MY GUN IS QUICK by Mickey Spillane

Review by Mike Dennis

“You have to be quick. And able. Or you’ll be dead.”

That pretty much sums up Mike Hammer’s philosophy of life in New York City throughout all of his appearances in Mickey Spillane novels. But in My Gun Is Quick, Spillane’s searing 1950 tale of revenge, Hammer actually says this to the reader. He then sets out to prove it.

After making a post-midnight delivery to a client, he stops off at a slimy diner for a hot cup of java. There he encounters a gorgeous redhead down on her luck. He buys her a cup of coffee. They chat. A guy comes up to her, a guy with “a built-in sneer that passed for know-how”, and begins hassling her. Hammer pushes him around, gives the girl some money, and leaves.

Well, come to find out she’s a prostitute and she turns up dead the following morning. As in many other Hammer novels, he dedicates himself to finding her killer and dispensing his own brand of justice before the system can screw it up.

For the uninitiated, Mickey Spillane was considered beneath contempt by much of the literary world for virtually his entire career, which spanned sixty years. His hard-charging, gritty style turned off the literary elites, who also were not wild about his unabashed identification with the working class, which occasionally included prostitutes, gamblers, and street hustlers. Despite this institutional bias against him, Spillane sold over 130 million books during his life. They’re still selling.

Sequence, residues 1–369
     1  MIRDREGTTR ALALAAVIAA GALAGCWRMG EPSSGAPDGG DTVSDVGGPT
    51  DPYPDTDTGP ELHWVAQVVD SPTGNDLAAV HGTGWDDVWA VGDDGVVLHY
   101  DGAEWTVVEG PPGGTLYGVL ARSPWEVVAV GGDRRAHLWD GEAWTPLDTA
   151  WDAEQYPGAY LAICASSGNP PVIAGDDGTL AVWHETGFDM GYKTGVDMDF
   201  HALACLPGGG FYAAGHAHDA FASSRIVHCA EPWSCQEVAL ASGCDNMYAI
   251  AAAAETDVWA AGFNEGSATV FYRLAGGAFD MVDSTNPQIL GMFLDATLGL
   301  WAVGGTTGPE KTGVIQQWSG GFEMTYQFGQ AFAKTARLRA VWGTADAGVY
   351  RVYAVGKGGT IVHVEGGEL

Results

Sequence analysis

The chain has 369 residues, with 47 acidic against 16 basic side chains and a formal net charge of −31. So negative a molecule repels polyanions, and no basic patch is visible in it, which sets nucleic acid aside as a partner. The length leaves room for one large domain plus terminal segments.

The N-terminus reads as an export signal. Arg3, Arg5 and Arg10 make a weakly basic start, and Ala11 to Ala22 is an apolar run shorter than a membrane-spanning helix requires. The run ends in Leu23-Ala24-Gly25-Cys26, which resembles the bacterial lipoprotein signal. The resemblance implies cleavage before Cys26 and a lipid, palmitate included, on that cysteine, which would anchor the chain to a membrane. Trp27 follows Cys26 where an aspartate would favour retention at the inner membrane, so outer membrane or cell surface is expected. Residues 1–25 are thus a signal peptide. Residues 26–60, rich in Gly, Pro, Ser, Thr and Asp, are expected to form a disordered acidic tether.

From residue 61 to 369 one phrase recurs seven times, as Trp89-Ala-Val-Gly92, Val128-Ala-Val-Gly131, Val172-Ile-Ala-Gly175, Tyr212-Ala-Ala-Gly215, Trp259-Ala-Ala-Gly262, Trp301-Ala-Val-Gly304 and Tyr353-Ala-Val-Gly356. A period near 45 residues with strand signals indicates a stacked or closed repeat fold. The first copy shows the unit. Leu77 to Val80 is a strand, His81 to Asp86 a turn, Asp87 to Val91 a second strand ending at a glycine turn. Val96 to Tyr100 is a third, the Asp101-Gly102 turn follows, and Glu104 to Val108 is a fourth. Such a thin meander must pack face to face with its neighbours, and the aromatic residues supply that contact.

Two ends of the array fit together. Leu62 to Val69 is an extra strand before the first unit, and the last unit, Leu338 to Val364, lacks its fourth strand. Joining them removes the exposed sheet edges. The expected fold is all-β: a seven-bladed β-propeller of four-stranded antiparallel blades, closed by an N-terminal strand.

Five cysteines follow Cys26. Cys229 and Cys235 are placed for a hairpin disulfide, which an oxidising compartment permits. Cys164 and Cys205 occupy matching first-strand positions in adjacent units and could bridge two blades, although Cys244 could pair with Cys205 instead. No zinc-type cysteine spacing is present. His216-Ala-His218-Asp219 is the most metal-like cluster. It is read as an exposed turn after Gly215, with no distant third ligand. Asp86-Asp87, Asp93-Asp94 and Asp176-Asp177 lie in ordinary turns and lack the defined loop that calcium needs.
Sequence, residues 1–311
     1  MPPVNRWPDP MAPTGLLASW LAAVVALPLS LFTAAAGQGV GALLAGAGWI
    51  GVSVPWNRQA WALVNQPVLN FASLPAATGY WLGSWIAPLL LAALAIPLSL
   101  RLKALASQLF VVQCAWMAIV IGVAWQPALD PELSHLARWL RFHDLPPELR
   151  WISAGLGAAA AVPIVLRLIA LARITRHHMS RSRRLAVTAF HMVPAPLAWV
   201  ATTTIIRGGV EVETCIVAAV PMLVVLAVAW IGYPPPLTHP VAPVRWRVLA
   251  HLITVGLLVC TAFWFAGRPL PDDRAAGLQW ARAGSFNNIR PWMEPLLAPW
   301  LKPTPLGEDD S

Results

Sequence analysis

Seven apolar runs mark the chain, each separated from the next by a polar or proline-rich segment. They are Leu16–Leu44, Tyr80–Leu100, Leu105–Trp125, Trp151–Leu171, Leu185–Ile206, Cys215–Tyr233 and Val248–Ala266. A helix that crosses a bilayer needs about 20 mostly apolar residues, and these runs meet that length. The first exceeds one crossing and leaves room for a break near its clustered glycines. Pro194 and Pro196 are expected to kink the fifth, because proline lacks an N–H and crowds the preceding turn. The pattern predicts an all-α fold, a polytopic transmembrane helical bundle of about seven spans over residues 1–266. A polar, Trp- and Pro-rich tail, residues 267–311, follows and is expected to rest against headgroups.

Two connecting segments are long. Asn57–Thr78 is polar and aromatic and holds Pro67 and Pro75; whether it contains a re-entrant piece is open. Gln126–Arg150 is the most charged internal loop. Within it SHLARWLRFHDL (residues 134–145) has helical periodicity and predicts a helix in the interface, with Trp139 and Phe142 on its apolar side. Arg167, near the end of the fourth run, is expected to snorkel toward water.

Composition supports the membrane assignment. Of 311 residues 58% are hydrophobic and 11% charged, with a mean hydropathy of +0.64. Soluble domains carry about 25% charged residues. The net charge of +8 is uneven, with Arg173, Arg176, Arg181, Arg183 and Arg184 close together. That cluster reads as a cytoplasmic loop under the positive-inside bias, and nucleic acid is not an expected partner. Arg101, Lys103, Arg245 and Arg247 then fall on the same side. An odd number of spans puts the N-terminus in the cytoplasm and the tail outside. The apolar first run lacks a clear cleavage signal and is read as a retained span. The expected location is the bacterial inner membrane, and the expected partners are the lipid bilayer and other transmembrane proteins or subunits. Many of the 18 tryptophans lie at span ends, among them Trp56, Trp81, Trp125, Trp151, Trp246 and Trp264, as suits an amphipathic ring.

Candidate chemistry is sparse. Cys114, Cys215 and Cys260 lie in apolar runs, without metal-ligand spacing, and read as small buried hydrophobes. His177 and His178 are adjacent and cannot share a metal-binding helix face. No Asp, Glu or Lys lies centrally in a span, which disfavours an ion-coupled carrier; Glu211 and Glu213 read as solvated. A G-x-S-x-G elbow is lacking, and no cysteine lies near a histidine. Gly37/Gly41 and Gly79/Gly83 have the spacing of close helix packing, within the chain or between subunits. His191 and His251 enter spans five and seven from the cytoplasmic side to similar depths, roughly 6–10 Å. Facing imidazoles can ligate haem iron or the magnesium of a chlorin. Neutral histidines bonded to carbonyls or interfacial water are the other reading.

All of the snide remarks and bad reviews couldn’t mask the passion that comes blasting through in Spillane’s prose. The dark streets and back alleys spring to life on the page, as Hammer slinks through them like a feral cat on the trail of his prey. The reader will feel Hammer’s hot desires as he strokes the naked skin of a beautiful woman. When he takes a wrong turn and is severely beaten by a few tough guys, the reader will feel the blows. This was pretty strong stuff in 1950, when readers of “mystery novels” were being spoon-fed Miss Marple.

My Gun Is Quick is currently available in a 3-book collection of Hammer novels, alongside I, The Jury and Vengeance Is Mine. The collection contains an outstanding introduction by Max Allan Collins, a longtime Spillane fan and collaborator. Highly personal and revealing, it sheds plenty of light on Spillane’s role in postwar America.

This book is the perfect entree for those who are unfamiliar with Spillane’s work. Get it. You won’t be sorry.

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9 Responses to REVIEW: “MY GUN IS QUICK”

  1. It was Spillane who got me hooked on crime fiction when i was a teenager. I re-read I, THE JURY a few years ago. It’s dated, and a little cartoonish by some contemporary standards, but the vitality and lack of pretense in the writing is still there. Spillane doesn’t have the effect to newcomers now he had sixty years ago because he’s already broken the mold. Writers have been incorporating and refining what he started ever since. He was the real deal, though. Take minute when reading his early works (any of the three here will do), and try to imagine yourself in 1950, when no one had done something like this before, the effect it must have had.